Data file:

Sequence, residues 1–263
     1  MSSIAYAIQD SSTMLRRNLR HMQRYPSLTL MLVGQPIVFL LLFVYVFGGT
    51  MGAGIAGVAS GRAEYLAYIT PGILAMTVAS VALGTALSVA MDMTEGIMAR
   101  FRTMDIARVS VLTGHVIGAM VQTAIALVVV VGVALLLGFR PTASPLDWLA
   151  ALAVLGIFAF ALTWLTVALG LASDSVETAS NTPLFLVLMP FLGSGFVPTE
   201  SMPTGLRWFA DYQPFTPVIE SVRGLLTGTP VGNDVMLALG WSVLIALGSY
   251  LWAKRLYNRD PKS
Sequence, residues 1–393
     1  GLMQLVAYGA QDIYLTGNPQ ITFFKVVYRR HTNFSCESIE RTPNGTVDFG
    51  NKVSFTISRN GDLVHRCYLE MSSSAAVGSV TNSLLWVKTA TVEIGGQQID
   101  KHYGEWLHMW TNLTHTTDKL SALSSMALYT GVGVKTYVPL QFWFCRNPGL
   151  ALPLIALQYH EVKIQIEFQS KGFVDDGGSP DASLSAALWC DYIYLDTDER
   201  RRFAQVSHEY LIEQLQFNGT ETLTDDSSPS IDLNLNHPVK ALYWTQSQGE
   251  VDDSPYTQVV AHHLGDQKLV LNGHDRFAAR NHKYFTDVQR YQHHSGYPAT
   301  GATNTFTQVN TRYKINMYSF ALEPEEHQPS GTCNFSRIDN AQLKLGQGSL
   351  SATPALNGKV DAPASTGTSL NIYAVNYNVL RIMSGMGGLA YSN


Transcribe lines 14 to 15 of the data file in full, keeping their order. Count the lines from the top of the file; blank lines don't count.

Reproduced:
   251  VDDSPYTQVV AHHLGDQKLV LNGHDRFAAR NHKYFTDVQR YQHHSGYPAT
   301  GATNTFTQVN TRYKINMYSF ALEPEEHQPS GTCNFSRIDN AQLKLGQGSL